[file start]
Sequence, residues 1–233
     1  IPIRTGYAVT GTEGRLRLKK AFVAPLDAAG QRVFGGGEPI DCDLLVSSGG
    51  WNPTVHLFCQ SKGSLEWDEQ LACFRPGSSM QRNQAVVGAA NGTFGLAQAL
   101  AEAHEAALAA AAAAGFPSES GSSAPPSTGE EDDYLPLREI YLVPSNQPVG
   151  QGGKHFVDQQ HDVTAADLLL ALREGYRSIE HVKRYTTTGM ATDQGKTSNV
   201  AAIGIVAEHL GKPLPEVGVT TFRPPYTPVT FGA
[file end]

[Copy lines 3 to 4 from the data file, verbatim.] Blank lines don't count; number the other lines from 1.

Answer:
    51  WNPTVHLFCQ SKGSLEWDEQ LACFRPGSSM QRNQAVVGAA NGTFGLAQAL
   101  AEAHEAALAA AAAAGFPSES GSSAPPSTGE EDDYLPLREI YLVPSNQPVG